Clean Water Funding Under Attack . . . AGAIN!

When the President’s fiscal year 2006 budget proposal hit the streets on February 8, the reaction was, shall we say, “less than enthusiastic” on the part of most industry sectors -- not the least being OURS! Once again, the clean water state revolving fund has been targeted for drastic reduction with the President only requesting $730 million for this essential program.

By Dawn C. Kristof, WWEMA President

When the President’s fiscal year 2006 budget proposal hit the streets on February 8, the reaction was, shall we say, “less than enthusiastic” on the part of most industry sectors -- not the least being OURS! Once again, the clean water state revolving fund has been targeted for drastic reduction with the President only requesting $730 million for this essential program.

Should Congress acquiesce to the President’s request, the program will be reduced by another $370 million over last year’s funding level. Keep in mind that the program already took a 20% hit during the FY ‘05 budget process, down from its historic level of $1.35 billion to $1.1 billion.

When compared to that $1.35 funding peak, combined the cuts would total about $1 billion. The potential of losing nearly $1 billion in federal assistance to capitalize the state clean water funding programs over the course of two years is indefensible and the implications are unacceptable!

Let’s talk jobs. For every $1 billion cut from the clean water state revolving fund program, 40,000 jobs are LOST!

That fact should not be ignored during these times of stagnant unemployment. The numbers are even more staggering when you take into account the leveraging that occurs for every dollar invested by the federal government in the program. On average, the states have been tremendously successful in leveraging both the federal contributions to the funds as well as their own 20% matching requirements. For each dollar invested by the feds, two dollars are made available to communities to invest in their water and wastewater infrastructure. That implies that as many as 80,000 jobs could be lost during these two years of funding cuts!

Let’s talk projects. For every $1 billion cut from the clean water state revolving fund program, 473 water quality projects will NOT get built!

These projects are critically necessary given the state of our nation’s deteriorating water and wastewater infrastructure. The Congressional Budget Office estimates that between $132 billion and $388 billion will be needed over the next 20 years to close the gap between needs and expenditures in wastewater treatment. Similarly, the Environmental Protection Agency projects that communities across the country will have to spend at least $390 billion over the next 15 years just to meet current clean water infrastructure needs. Failure to make these investments today will result in even greater cost to cash strapped communities tomorrow.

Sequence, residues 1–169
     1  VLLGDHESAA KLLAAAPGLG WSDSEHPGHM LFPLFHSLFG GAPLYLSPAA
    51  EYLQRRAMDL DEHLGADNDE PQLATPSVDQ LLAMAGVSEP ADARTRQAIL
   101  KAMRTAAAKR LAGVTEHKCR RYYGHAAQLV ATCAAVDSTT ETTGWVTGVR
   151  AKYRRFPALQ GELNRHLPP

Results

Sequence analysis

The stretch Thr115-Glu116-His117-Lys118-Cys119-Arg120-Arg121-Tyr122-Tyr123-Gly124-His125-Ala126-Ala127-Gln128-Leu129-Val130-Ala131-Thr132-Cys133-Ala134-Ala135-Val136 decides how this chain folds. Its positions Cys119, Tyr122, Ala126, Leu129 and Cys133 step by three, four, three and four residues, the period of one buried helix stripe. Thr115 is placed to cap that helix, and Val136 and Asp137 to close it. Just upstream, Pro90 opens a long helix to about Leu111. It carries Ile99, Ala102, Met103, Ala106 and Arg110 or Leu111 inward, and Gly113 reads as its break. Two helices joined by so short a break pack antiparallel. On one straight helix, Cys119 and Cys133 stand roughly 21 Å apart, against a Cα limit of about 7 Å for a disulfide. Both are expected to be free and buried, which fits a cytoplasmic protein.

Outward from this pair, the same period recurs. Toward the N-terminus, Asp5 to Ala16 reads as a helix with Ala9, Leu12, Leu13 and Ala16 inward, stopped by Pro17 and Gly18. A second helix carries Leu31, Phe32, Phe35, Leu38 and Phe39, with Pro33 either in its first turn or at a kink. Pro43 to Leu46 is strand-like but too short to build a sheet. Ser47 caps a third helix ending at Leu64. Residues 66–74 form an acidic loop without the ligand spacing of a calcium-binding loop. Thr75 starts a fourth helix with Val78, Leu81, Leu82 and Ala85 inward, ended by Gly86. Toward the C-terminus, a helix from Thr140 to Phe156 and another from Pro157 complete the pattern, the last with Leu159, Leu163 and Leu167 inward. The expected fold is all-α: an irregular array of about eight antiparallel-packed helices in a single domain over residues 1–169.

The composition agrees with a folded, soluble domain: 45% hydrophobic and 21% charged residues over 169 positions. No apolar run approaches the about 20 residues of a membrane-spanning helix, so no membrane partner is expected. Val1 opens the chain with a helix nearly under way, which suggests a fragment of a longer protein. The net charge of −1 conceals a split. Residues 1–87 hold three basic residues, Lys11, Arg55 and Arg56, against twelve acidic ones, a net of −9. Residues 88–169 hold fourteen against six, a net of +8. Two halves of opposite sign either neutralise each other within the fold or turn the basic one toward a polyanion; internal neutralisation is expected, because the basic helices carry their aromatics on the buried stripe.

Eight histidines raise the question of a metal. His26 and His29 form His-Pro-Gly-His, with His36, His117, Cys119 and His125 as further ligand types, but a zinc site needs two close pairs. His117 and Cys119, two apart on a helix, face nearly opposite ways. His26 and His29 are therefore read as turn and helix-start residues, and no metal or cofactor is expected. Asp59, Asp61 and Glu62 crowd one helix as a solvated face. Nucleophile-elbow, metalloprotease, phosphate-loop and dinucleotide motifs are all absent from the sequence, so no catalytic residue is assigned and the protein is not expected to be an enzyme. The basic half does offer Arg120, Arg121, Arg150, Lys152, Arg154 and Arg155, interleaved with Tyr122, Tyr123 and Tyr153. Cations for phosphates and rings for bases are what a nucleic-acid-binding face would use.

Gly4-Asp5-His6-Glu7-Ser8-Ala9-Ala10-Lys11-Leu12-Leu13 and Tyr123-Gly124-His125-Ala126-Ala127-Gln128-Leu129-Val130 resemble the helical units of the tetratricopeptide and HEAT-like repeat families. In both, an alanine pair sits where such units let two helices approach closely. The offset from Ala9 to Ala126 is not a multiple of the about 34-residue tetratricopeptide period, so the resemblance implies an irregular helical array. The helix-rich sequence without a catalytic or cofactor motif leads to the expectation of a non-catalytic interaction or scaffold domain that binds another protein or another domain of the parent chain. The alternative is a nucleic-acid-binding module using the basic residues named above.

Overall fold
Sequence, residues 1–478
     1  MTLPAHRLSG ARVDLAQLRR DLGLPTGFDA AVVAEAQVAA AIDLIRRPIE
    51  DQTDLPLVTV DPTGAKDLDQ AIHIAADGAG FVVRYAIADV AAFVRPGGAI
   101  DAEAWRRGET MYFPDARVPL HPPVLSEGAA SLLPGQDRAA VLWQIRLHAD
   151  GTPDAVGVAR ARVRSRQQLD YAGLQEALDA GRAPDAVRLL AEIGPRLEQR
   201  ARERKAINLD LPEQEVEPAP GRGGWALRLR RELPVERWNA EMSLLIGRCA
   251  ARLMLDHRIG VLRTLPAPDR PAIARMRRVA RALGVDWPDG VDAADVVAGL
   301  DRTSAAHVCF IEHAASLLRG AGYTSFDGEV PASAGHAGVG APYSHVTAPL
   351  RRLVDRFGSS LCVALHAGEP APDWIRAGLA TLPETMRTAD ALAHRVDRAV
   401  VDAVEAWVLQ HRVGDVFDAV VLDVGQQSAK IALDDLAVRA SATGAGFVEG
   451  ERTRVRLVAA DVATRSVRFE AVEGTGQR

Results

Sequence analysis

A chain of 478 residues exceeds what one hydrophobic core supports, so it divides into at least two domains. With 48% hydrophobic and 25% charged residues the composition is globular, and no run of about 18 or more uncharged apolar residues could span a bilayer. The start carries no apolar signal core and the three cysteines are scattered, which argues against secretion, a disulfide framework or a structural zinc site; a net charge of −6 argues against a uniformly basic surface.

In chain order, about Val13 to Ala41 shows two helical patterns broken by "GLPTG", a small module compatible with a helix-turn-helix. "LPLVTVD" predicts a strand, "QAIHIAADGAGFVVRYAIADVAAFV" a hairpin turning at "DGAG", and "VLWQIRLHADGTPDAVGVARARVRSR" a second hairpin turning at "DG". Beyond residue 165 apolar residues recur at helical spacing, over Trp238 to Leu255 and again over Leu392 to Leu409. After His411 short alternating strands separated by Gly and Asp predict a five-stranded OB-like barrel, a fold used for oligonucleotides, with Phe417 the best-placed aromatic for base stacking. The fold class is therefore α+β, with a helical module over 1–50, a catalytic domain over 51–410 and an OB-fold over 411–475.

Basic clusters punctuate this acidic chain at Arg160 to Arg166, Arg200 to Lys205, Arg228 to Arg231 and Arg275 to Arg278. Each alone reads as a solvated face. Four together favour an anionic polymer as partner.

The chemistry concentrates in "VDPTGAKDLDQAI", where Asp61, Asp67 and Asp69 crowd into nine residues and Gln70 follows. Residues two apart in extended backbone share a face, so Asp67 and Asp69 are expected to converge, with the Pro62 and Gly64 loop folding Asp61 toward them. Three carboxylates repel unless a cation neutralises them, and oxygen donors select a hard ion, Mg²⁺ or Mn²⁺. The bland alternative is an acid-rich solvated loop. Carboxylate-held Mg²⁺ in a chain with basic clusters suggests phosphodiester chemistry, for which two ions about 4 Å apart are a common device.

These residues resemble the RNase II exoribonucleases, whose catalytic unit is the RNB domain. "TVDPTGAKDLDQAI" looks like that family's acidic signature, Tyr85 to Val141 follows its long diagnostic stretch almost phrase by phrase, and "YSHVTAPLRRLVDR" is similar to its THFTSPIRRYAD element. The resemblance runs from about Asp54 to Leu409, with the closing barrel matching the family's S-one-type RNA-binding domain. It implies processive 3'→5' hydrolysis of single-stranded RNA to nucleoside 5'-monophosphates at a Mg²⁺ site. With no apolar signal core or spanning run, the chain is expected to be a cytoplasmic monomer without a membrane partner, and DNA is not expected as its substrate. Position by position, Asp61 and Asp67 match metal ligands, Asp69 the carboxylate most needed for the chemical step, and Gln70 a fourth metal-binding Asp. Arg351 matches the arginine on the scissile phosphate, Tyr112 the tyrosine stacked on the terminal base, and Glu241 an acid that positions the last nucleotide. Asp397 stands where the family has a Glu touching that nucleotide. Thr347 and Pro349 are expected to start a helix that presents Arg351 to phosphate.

Let’s talk water quality. For every $1 billion cut from the clean water state revolving fund program, the strides we have made as nation to significantly improve our water quality since enactment of the Clean Water Act in 1972 will be reversed!

Over the past 17 years, the clean water state revolving fund program has dispersed more than 14,200 loans - some $47 billion in all - to communities to rehabilitate aging wastewater treatment plants, minimize raw sewage overflows and reduce stormwater. Tremendous progress has been achieved in our nation’s water quality due in large part to the clean water state revolving fund program. Yet, for waters assessed, 16% of river miles, 53% of lakes areas, 55% of estuary square miles and 100% of the Great Lakes still have serious water pollution problems that must be remedied. Not to mention the additional stress being placed upon our nation’s water infrastructure due to population growth and development.

The clean water state revolving fund program has been an extremely effective and efficient funding mechanism for communities, large and small, in addressing their water pollution problems. This is not the time to undermine the program that has been largely credited for the progress made toward protecting our environment.

Congress will face the difficult challenge of adequately funding our nation’s priority needs while reducing a massive federal deficit. What miniscule assistance is being provided to protect the health and safety our nation’s water infrastructure should not be further victimized in the process. Continued funding of the program at the $1.35 billion level is the absolute minimum that should be accepted in order to keep the program functional in serving the needs of communities large and small.

About the author:
Dawn Kristof is president of the Water and Wastewater Equipment Manufacturers Association. WWEMA member companies are among the world’s leading producers of technology to the water and wastewater industry, employing 43,000 workers with collective sales nearing $6 billion (USD) worldwide.

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